In 1868, America wrote into its Constitution the Fourteenth Amendment. It has had immense importance in giving birth to and nurturing the modern civil rights revolution. There is a part of it that, on re-reading, seems at first to be out of date. However, if Section 3 of the Amendment is not a dead letter now, it may be a fairly simple way to deal with President Trump and those who joined him in stirring up the mob that staged a deadly and hostile occupation of the Capitol last week.
Section 3’s main effect probably would be to disqualify President Trump and his cohorts in Congress from ever seeking election again. Depending upon how it fit with other parts of the Constitution – on impeachment of the President and on expulsion of lawmakers – the Section might be put into operation without a super-majority vote in Congress. The courts might have to sort that out.
Because the language of the Section is somewhat clumsy, here is a close paraphrasing of its text: No one can hold any office, civil or military, in the federal or any state government if they previously have taken an oath to defend the Constitution and have engaged in insurrection or rebellion against the Constitution, or if they have given aid or comfort to enemies of the Constitution.
What this meant, in 1868, clearly was a disqualification of former adherents to the Constitution who had aided the cause of the Confederate states during the Civil War. If this language were to be applied now to any sitting member of Congress, or to President Trump, no doubt their lawyers would argue that the provision’s only meaning was its original Civil War era intention.
But the language of the Section does not say explicitly that it is limited to the past or to a prior circumstance, it has never been amended or deleted, and it is simply not true that any part of the Constitution expires simply because of its origins. Indeed, some in Congress, reacting now to the invasion of the Capitol last week, are suggesting that the disqualification mandate should now be implemented.
In a law Congress passed in 1898, thirty years after the Amendment was ratified, Congress must pass a law to actually disqualify someone from public office. It is not clear, on the face of the Section, that this could only be done by a super-majority in both houses of Congress. It does take a two-thirds majority to convict a president and remove him from office under the impeachment clause, and it does take a similar majority to expel any U.S. senator or representative from their seats. But the disqualification provision is a stand-alone part of the Constitution, and is clearly designed to deal with a drastic challenge to the constitutional order. An argument could be made that a simple majority would be sufficient – if not for removal, at least for permanently barring from public office.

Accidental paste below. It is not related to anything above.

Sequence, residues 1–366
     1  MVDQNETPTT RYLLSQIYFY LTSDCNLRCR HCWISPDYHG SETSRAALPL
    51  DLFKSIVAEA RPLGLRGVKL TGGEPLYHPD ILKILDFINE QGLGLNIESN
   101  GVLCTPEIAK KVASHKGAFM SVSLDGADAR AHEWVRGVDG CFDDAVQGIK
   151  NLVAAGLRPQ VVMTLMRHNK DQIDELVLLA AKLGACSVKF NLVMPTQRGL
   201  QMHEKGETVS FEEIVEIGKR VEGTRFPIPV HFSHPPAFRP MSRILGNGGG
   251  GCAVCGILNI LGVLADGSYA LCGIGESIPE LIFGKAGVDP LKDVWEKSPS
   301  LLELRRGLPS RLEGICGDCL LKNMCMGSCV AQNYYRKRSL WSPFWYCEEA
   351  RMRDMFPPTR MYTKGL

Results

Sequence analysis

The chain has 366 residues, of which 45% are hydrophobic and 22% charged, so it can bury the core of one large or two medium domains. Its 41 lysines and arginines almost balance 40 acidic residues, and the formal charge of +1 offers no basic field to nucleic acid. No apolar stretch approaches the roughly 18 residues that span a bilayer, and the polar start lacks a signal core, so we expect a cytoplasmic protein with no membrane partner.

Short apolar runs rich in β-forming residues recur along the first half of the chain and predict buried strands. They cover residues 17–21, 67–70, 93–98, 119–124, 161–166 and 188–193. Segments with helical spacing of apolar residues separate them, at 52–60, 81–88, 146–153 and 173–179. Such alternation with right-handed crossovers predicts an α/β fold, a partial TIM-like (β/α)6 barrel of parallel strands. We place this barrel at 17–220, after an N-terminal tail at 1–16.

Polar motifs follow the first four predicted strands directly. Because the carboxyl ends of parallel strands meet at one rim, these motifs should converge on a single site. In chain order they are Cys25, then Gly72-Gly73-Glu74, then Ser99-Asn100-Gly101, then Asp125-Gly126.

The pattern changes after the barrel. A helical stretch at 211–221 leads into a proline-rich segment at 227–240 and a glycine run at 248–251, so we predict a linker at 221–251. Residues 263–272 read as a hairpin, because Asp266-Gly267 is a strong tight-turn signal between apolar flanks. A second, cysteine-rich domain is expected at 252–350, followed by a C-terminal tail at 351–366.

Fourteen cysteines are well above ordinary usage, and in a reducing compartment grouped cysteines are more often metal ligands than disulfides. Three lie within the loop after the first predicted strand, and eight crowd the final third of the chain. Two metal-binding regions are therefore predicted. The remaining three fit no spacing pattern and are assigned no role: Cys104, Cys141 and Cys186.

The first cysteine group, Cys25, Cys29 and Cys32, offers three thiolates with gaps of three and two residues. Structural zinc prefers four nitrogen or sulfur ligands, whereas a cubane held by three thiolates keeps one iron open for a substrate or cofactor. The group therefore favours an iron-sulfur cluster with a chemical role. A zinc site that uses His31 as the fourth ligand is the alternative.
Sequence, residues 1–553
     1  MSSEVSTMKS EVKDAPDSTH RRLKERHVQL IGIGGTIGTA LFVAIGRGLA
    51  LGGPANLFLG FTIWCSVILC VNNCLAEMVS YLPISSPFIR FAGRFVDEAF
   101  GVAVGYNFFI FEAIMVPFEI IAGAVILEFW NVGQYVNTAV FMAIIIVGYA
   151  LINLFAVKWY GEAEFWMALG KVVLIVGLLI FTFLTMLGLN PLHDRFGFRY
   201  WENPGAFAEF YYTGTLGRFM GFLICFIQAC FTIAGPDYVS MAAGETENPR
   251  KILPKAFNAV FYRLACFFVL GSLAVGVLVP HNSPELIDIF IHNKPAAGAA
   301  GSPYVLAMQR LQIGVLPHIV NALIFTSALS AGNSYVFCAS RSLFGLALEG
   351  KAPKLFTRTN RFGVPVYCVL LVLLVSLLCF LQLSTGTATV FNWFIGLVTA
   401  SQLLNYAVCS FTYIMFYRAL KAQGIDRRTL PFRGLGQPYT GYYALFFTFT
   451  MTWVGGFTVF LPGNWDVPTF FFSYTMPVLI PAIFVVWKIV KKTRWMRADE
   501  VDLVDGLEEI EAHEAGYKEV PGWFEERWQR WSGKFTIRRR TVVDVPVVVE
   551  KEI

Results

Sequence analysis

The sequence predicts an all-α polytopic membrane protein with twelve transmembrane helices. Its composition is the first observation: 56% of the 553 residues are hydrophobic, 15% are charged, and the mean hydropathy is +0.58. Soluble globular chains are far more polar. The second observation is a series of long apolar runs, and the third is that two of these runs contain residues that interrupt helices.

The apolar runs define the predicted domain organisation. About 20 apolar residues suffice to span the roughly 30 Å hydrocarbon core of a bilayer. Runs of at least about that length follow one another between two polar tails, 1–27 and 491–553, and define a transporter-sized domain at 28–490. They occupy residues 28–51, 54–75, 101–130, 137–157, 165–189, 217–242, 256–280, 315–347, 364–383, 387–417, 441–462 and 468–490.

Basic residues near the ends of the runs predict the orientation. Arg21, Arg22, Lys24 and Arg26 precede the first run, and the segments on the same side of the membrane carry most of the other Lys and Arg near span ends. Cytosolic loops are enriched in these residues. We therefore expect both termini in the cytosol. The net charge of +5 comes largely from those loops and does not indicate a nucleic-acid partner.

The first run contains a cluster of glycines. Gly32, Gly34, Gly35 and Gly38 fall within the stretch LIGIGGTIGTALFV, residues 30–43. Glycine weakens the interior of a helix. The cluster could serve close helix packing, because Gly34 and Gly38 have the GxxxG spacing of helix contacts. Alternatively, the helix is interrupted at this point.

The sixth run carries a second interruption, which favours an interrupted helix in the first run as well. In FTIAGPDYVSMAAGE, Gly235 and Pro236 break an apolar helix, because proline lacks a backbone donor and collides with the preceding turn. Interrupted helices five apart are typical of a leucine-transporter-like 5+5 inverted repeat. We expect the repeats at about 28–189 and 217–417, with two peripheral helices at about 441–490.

It is predictable that if Trump or any member of Congress were ordered disqualified under Section 3, there would be a challenge in the courts. There are many specific words in the provision – “insurrection,” “rebellion,” giving “aid or comfort,” and “enemies” — that would be open to interpretation in any such court case. There have been few cases throughout history that provided an opportunity to interpret Section 3, so courts would essentially have to start fresh.
It is not clear, from history, how Section 3 is to be enforced. An 1870 federal law treats as a minor crime, punished by as much as a year in jail and a $1,000 fine, for accepting any office after being disqualified under Section 3 for taking part in insurrection or rebellion. A federal court in North Carolina, ruling in a case filed under the 1870 law, declared that Section 3 treats as insurrection or rebellion as involving any “voluntary effort to assist” in such action with the aim of having it succeed – meaning, apparently, a goal that the enemies of the Constitution would prevail in something approaching overthrow of the government.
It does not seem an exaggeration to find that what happened at the Capitol last Wednesday, and the urging by the President and some members of Congress that energized the mob, could fit within what the drafters of Section 3 had in mind. That just might be tested.